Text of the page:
Escaping to Barbados for a week or two is the stuff of dreams, so excitement levels are understandably high. The attentive all-inclusive service, fabulous food and comprehensive luxury is enough to keep many within the hotel grounds for their entire stay.
The soft sand of the adjoining Dover Beach is a wonderful place to relax and there are innumerable activities to burn off the calories, from yoga at sunrise to lessons with tennis pros.
For those looking to explore the island's platinum west coast, a catamaran is a must.
The boat is crewed by larger-than-life characters such as Brian ‘deAction Man’ Talma, who serve up a sumptuous spread of jerk chicken, flying fish and exquisite rum cake, while doubling up as ocean guides. We stop for a spot of snorkelling with hawksbills and green leatherbacks – fully-grown relatives of the babies I saw hatching at the hotel, and dive down to submerged wrecks moored to the sea bed.
The shoreline is fanned by palms guarding the palatial villas of the rich and famous.
There is little rising beyond the tree line: the island is effectively a large slab of coral dangling from the south-eastern tip of the Antiles. The flat topography makes it ideal for agriculture, sugar production in particular, which was especially appealing to the British who colonised Barbados in 1627 and didn’t let it go until independence more than 300 years later.
Getting around is relatively straightforward – even strapped into the back of a jeep on one of the island’s eccentric safari tours. The mood is certainly buoyant – there’s something about bouncing around uncontrollably that makes people inexplicably happy.
The tour highlight is Bathsheba on the east coast. Atlantic-facing, the turbulent waters favoured by local surfers have churned up huge coral boulders, which sit shrouded in sea mist like guardians to an ancient kingdom. It is a world away from the raked sands of the west coast villas and offers the luxury of isolation and a landscape of breathtaking beauty.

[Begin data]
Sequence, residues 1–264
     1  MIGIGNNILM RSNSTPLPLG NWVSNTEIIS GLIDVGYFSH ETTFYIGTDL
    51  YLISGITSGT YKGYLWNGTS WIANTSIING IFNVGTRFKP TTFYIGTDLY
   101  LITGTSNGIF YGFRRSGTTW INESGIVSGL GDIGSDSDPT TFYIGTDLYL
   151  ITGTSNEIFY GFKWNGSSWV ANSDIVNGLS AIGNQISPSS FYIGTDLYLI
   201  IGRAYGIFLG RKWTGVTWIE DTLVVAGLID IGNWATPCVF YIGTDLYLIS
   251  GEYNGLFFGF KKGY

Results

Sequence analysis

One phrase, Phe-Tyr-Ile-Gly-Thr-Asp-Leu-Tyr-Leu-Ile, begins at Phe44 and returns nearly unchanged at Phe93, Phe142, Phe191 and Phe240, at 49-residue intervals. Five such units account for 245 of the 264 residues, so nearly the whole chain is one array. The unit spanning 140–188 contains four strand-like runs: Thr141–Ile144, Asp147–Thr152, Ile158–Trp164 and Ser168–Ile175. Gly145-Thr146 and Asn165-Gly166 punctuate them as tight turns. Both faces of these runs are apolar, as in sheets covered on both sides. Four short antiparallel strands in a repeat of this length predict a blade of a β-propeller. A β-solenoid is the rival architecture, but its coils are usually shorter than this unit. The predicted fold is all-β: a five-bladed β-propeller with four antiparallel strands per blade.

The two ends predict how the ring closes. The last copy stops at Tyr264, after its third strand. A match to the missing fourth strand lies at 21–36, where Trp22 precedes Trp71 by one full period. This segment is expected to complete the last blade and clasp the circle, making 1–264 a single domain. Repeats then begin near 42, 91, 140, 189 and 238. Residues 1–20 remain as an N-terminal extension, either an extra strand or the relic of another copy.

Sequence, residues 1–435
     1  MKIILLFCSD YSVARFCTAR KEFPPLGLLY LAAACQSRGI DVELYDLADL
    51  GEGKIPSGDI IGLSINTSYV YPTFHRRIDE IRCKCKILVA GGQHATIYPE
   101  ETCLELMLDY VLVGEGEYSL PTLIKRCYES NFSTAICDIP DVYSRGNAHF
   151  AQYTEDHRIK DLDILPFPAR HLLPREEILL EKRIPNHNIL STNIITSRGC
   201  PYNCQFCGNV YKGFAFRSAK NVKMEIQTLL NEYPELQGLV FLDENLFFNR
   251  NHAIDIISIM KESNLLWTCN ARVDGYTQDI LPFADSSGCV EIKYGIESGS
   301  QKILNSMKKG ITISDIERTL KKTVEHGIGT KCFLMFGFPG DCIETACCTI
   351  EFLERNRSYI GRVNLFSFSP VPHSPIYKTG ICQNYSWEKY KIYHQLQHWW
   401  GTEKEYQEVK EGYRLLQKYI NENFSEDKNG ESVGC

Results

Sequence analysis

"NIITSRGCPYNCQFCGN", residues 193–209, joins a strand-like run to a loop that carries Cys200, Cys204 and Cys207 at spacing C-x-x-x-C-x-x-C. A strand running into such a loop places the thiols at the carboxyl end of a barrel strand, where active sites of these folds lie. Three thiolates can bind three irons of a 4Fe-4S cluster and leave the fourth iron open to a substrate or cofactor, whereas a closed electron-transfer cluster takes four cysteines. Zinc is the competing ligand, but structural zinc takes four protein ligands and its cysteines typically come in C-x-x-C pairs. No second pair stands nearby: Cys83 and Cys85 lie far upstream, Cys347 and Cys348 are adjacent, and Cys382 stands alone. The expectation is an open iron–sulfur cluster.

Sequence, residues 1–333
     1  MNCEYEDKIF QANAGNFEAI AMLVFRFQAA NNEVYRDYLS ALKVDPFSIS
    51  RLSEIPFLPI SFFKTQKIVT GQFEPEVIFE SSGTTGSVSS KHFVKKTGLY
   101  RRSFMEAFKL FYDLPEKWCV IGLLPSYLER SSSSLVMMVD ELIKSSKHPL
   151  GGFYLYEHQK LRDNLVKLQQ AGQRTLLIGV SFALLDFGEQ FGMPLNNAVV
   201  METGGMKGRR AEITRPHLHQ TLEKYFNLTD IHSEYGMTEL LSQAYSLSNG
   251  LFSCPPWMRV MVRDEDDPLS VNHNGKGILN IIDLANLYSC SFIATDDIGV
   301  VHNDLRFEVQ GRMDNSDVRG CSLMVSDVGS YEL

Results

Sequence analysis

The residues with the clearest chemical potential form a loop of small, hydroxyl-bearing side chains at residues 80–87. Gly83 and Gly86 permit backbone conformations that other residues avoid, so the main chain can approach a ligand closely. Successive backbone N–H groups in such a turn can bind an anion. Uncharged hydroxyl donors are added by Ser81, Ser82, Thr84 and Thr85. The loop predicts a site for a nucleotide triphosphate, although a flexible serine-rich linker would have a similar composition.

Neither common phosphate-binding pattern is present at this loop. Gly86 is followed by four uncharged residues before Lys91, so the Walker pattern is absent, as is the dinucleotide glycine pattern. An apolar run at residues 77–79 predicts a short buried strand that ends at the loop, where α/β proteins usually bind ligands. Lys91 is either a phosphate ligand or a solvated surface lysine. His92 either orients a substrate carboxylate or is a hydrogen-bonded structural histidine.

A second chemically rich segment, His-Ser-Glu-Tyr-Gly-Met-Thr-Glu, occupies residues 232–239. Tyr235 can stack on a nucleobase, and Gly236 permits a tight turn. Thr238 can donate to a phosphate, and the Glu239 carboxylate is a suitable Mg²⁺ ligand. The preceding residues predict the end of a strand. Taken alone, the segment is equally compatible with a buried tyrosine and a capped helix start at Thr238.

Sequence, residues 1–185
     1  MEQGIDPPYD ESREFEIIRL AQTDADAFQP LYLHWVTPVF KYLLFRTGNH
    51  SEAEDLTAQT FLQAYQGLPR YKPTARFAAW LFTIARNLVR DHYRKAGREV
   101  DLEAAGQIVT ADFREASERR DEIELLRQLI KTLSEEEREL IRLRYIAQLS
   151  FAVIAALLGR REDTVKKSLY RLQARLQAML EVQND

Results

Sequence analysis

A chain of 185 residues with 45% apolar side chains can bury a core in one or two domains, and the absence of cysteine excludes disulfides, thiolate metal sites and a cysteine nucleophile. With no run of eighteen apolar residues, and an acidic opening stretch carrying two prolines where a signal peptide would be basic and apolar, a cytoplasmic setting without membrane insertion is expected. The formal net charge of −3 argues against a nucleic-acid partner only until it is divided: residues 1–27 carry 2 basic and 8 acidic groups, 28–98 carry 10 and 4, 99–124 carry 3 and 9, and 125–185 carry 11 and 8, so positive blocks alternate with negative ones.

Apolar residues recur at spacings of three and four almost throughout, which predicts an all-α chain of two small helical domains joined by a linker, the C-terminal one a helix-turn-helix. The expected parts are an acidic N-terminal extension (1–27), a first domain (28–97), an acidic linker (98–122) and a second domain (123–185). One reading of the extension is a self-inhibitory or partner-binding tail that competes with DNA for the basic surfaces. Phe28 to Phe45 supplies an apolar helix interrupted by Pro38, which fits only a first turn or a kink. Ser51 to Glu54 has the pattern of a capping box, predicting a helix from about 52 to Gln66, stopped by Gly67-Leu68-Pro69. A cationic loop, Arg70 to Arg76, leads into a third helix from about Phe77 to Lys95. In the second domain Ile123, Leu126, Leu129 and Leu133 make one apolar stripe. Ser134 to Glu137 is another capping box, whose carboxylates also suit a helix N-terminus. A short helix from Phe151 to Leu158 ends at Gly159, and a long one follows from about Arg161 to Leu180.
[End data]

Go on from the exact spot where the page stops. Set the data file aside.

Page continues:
FRIDAY FISH FRY
Friday night and nearby Oistin’s fish market is heaving. The resort runs a free shuttle bus to this island institution, where row upon row of food outlets serve everything from ‘dolphin’ (not the porpoise but a fish called mahi-mahi) to lobster, all grilled or fried in delicious spices.
Hundreds turn out to eat and dance to the carnivalesque soca music, performed live in the centre of the market.
Barbados is fertile ground for musicians: they crop up here like sugar cane, moving with effortless rhythm, emanating sounds as sweet as molasses. After a rum punch or two I’m soon swaying along awkwardly to the upbeat vocals of raw Rhianna hopefuls.
Next morning, with a sore head, I find myself in the capital Bridgetown, listening to a stout, elderly gentleman and gazing longingly at the shade afforded by his wide-brimmed fedora.
You are standing, says Maurice Greenidge – eminent local historian and my guide to the city – on sacred ground; 1652 is the year, and on this spot rum was born. Barbados loves rum.
I scan the colourful facades of the old harbour market. Carlisle bay sweeps away to the former British garrison. Bright colours blur with the sound of car horns; music is beating underneath it all, and the heat settling down from above.
It is easy to while away the time here at a luxury all-inclusive resort. But venture beyond and you will quickly realise that life in Barbados offers so much more, paradise included.